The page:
One of the key elements in effective Model Risk Management (MRM) is the development and maintenance of model documentation. Time-consuming, manual inputs are still dominant in model documentation, and forward-thinking financial institutions are looking for automation to improve the efficiency of the MRM function. In his recent presentation at the Advanced Model Risk USA conference in New York, Yields.io’s CEO Jos Gheerardyn addressed the recurring challenges financial services firms face in generating and maintaining model documentation. After his presentation, we had a chat with Jos about the topic and he stressed that without adequate documentation, model risk assessment and management will be ineffective. He also explained how technologies such as the Yields MRM Platform can help.
Why is model documentation important?
Model documentation includes a general description of the model and clarifies a model’s intended purpose, assumptions, limitations, and proper usage by banks. Documentation of model development and validation should be sufficiently detailed so that parties unfamiliar with a model can understand how the model operates.
Jos emphasized that maintaining up-to-date and comprehensive documentation promotes transparency and compliance, making it easier for regulatory bodies to grasp the decision-making process during model development. Effective documentation also streamlines model validation and maintenance, especially as model dependencies and complexity continue to grow. Jos explained, “Without proper model documentation, it’s difficult for stakeholders to comprehend the impact a specific model aims to achieve. Knowledge sharing is critical during the model lifecycle, especially as teams tend to change over time. Model documentation is a means of scalable communication.”
(This diagram illustrates the different stages in the model lifecycle, where each stage requires sharing of accurate documentation that can be challenging when done manually.)
What challenges do financial services firms face?
Jos identified several factors firms should consider as part of their model documentation process:
- Handovers across various stages within the model lifecycle necessitate constant documentation updates. Ensuring consistency is challenging when everyone has their own documentation style.
- Multiple stakeholders require information; without a comprehensive understanding of model documentation from different stages, it’s difficult for teams to perform their tasks effectively.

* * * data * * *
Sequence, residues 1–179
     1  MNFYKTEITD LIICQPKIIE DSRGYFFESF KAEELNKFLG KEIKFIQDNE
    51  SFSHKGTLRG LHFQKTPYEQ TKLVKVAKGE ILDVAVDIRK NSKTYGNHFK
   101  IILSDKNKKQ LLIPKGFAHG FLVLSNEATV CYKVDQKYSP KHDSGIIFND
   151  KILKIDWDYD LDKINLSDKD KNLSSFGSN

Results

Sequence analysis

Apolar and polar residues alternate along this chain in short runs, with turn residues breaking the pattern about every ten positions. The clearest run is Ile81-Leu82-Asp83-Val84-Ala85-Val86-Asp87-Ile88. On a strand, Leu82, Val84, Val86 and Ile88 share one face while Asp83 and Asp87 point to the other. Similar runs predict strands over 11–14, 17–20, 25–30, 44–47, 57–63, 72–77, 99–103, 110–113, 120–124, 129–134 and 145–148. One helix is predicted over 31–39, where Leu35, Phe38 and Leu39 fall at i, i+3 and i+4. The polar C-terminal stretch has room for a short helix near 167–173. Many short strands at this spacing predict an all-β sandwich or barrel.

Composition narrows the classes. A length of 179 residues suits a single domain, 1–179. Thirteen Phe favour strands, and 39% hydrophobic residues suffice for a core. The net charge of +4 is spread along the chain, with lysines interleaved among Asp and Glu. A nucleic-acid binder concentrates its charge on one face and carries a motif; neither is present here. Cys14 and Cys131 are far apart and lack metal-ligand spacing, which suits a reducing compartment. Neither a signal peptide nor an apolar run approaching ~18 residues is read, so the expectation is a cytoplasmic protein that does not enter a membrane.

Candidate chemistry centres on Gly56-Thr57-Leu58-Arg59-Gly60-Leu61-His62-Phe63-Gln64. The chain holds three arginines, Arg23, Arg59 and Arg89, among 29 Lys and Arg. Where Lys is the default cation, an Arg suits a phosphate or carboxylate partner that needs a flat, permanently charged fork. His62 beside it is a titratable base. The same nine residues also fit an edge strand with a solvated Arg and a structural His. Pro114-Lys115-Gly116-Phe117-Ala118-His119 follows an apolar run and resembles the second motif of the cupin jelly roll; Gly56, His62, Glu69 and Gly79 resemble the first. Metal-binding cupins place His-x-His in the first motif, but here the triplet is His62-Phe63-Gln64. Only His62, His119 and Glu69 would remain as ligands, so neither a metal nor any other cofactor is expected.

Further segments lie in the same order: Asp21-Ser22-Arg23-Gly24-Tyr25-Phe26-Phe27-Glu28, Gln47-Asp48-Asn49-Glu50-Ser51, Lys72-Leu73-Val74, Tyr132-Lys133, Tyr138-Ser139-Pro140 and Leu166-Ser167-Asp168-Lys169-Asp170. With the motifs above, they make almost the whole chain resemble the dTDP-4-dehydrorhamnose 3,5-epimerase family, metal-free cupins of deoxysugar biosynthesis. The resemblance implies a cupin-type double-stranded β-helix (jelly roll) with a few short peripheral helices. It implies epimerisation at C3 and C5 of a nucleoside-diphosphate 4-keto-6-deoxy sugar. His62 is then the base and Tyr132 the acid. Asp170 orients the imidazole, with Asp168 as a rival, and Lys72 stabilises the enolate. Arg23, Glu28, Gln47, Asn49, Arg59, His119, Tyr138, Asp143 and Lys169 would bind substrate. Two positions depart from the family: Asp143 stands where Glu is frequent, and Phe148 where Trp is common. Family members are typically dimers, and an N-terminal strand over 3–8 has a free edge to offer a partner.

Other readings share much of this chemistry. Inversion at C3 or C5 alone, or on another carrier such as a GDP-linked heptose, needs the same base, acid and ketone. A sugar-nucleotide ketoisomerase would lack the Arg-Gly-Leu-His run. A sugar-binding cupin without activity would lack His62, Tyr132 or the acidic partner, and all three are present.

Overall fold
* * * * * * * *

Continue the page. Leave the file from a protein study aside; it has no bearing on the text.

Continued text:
- Numerous dependencies within a model may affect the model itself, emphasizing the need for a systematic approach to content and documentation management.
- Model documentation is often manual, making it difficult for firms to systematically track and update documentation. Outdated documentation that no longer accurately represents the model can create operational risks.
Challenges in model documentation often arise from inconsistencies in the produced documentation, as well as varying quality, and outdated documentation. Inconsistencies in documentation stem from several factors. Often multiple documents per model have to be created: per geography (SR11-7 vs. CP6/22), and per stakeholder type (e.g., credit officer vs. internal model review team). Furthermore, model dependencies have to be captured accurately, which has become increasingly challenging with the rapid deployment and adoption of AI models.
The level of detail and quality of model documentation often varies significantly, particularly when outsourcing model development or validation activities. The author’s written language skills and the time they have available will also influence the quality of the documentation. Another important challenge is that model documentation is often outdated when content is not captured dynamically. This frequently happens when documentation is generated manually. An automated document refresh should be triggered, such as by model monitoring, recurring validation, model version upgrades, etc.
Last but not least, model documentation is a tedious, manual process.
Jos elaborated, “Models are continuously developed, monitored, and validated, requiring users to regularly update the model documentation. In practice, manual documentation can be labor-intensive, and people often overlook detailing all changes, leading to future problems.”
The Role of Technology
During his presentation at the Advanced Model Risk USA, Jos showcased how technology can help manage and streamline the model documentation process, enabling financial services firms to save costs and maintain compliance. He explained that 80% of elements found in the documentation are shared, allowing for standardization.
“By leveraging technologies such as the Yields MRM Platform, firms can manage individual content elements separately, addressing consistency issues. This standardization enables firms to automate processes, resulting in significant efficiency gains, which reduces the risk of non-compliance and ensures up-to-date model documentation whenever a model undergoes changes.”
Would you like to learn how a G-SIB leveraged the Yields MRM Platform to automate model testing and documentation? Explore our latest case here.